I’ve had a rough week French-wise. I was sheep-dipped in it because we had a leaking pipe in the basement, a delivery of heating oil, a broken boiler, a sky-high (and incorrect) tax assessment and two shocking customer service experiences that I took to the next level. We received a few surprise invoices that needed further explanation and I acted as translator for a friend who moved house. Sorting out personal admin in French takes 10 times longer and I am now mentally exhausted.
The week was intense but it ended off on a positive note with a reasonably fluid conversation with a new neighbour. The only blip was when she asked me what my daughter’s name is and I replied, ‘16 months’. Oh well.
I know I harp on a lot about speaking French in this blog but it is a big part of my life. Imagine trying to coordinate a plumber or query an incorrect invoice while you are bound and gagged. That’s how frustrating it feels. Or you could imagine it like this. Ever been constipated? Some days expressing myself coherently feels as if I am trying to push out a big, fat verbal poo. Sometimes, no matter how hard you try, nothing meaningful comes out. It takes extreme effort but I will say, those random times when you do succeed, it is deeply satisfying.
My tough week started off last Thursday with Megan’s concert at crèche. I knew other parents would be there and I suspected I might have to chitchat to a few of them and this required preparation. I struggle with unstructured, spontaneous social conversations especially in groups. The day I can have a decent social conversation in a group will mean I am fluent. It’s a long way off.
Sometimes I enjoy French-only situations that force me to practice. Lately I have spent so much time speaking French during the day that I am mentally drained and can’t cope with anything extra. That is why cell phones are blessings. I warded off chats with strangers by clinging to my iPhone and tapping away at it in quick, squirrel-like gestures. I bet people thought I was dealing with a major crisis at the office whereas I was actually deleting surplus photos.
Then I thought, ‘Julie get a grip. Go and talk to someone.’
I approached a mom of a girl in Megan’s class and I fired my questions at her. ‘Where do you live? How old is your child? Does she like the crèche? Where do you work? What do you do? Are you Swiss?’
Last Sunday we went to a mentally-draining charity brunch. I don’t know what I was smoking when I bought the tickets. It was probably on one of my good French days and I was not intimidated by the thought of sitting with random strangers at a big French-only picnic table. Alastair hated it.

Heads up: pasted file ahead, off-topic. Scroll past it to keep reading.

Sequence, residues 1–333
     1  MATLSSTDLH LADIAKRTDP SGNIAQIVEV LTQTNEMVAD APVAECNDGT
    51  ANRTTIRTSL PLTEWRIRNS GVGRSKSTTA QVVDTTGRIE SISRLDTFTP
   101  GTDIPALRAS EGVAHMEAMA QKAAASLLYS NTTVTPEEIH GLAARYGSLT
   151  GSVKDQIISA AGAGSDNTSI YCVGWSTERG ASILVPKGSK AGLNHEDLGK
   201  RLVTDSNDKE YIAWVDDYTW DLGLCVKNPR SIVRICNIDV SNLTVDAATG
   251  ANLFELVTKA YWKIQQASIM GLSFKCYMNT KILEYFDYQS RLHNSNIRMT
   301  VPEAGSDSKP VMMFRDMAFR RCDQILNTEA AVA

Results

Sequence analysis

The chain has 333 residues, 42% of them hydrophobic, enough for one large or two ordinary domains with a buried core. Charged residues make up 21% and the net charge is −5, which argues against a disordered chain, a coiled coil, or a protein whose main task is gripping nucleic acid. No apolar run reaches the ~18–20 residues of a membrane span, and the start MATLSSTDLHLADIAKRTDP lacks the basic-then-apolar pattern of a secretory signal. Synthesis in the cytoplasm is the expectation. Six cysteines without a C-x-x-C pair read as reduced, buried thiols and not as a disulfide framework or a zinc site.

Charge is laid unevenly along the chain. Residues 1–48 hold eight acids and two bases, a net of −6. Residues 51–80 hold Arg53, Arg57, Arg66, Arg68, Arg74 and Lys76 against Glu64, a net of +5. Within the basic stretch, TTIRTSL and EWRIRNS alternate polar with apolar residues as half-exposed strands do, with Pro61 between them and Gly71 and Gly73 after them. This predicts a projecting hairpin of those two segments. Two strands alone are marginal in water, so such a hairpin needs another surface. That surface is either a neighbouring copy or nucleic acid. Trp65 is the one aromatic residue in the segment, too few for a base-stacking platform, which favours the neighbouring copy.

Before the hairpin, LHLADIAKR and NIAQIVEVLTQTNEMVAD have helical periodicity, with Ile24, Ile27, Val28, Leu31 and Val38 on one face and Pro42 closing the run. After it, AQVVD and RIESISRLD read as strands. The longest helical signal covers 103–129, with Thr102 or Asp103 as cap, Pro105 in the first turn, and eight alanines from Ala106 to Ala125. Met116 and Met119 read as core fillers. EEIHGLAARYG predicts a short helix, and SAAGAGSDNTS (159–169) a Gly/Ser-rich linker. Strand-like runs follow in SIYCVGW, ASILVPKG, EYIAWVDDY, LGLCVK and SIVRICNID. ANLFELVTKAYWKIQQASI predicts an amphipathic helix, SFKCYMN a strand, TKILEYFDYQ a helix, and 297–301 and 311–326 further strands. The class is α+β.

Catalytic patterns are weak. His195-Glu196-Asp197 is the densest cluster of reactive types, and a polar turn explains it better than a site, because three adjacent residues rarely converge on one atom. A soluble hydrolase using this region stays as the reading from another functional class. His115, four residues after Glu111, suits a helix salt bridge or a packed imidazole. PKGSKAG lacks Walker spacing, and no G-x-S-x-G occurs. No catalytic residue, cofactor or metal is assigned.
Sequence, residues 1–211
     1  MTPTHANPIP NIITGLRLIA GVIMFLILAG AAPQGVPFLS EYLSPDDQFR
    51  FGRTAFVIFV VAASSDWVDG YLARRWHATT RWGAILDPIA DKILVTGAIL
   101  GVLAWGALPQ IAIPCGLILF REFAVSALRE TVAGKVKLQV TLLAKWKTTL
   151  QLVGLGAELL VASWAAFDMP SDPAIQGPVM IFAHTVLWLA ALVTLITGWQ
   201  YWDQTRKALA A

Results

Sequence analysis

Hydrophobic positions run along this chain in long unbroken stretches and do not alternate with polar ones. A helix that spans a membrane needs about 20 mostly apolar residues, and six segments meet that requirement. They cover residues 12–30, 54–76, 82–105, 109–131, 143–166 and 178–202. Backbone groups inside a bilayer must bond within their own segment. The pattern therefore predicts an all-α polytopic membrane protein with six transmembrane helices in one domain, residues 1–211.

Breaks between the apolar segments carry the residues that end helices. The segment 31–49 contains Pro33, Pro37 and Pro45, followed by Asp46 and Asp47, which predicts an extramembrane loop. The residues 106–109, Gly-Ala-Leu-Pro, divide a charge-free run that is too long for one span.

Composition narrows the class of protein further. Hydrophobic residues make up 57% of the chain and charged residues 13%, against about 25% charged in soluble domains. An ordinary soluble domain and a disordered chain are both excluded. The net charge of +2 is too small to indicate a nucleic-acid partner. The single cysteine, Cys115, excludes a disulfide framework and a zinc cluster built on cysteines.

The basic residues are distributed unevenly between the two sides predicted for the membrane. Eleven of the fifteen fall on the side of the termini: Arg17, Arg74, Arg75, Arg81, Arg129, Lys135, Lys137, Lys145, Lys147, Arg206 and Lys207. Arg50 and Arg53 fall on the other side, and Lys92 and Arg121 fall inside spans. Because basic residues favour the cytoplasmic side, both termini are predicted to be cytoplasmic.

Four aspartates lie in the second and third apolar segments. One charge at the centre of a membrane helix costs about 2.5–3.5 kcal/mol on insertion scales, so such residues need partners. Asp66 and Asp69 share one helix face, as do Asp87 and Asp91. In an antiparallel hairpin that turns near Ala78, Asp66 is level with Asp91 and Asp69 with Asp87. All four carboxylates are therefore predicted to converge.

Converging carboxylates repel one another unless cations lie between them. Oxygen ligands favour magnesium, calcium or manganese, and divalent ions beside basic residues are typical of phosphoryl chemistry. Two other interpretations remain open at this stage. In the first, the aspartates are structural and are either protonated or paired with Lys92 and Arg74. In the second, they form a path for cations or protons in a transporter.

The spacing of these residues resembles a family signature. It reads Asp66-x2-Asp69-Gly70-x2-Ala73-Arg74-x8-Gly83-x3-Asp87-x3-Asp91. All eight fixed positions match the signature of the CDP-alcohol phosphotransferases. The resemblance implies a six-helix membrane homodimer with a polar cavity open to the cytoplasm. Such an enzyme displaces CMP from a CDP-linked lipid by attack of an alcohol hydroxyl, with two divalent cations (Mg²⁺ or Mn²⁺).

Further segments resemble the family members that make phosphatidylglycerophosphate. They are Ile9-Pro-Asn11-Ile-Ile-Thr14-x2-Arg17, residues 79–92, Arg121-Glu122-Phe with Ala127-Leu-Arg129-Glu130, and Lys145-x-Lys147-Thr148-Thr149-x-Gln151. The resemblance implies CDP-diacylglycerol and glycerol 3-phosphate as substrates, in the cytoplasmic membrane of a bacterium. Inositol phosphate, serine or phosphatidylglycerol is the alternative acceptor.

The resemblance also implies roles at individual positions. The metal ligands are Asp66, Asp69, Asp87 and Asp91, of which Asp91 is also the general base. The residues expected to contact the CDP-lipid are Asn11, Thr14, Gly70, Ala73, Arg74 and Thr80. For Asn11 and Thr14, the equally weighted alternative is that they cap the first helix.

Speaking of Alastair, he has been taking lessons for over a year. His grammar is improving and our teacher said he is a maestro at conjugating verbs. His spoken French still hasn’t progressed beyond Bonjour, Merci, Je voudrais un Euromillions pour 3 francs and Je ne parle pas bien francais. He is also good at d’accord, which means OK. He says OK like a true Frenchman. He is also a pro at the informal ouais that is a derivative of oui and means yeah. While I talk in French, Alastair contributes little but does his best by hanging at my side, nodding and saying ‘Yeah ok yeah ok, ok.’
I wish Alastair had more confidence in his abilities. Many of my expat friends are the same and I think they see learning a language as a distinct before and after experience. Often my English friends say things such as, ‘One day when I speak French, I’ll do this or that’. Beginners seems to think that one day when there is a full moon and the wind is blowing in a certain direction, they will have a Freaky Friday experience and wake up and miraculously start speaking French. ‘Quel surprise! Je parle francais! Ooh la la! Am I speaking French? Yes! Oui!’
My French teacher says Alastair may improve if he is immersed in the language and is put in a sink or swim situation that would force him to expand his French repertoire. That’s why I signed us up for the charity brunch – I felt he could do with a little push, as one pushes someone into a swimming pool.
The bureaucratic brick walls and the unbelievably shit customer service in this region means that I am constantly challenged. My bad French week reached a dramatic crescendo when COOP (a big supermarket chain here) delivered 3000 litres of heating oil and forgot to reopen a valve in our tanks. Our heating stopped and we had to call in an expert during the night.
The following day I rang the company to explain their error and the first person I spoke to slammed the phone down and another repeated ‘It’s not our fault, it’s not our fault’ as if he were autistic like Dustin Hoffman in the movie Rain Man. Eventually he screamed, ‘FOR THE ELEVENTH AND LAST TIME, IT’S NOT OUR FAULT.’
It is situations like that that make me rise up like a phoenix out the ashes. I spoke back to him in the most kick-ass French ever. When I didn’t know some words, I just made them up – like le valve and la lid. I didn’t give a toss. I’ve told people that the best way to jump in and start speaking French is to get really, really angry. It is when you try too hard and think too much before you speak, that you struggle with that awful verbal poo.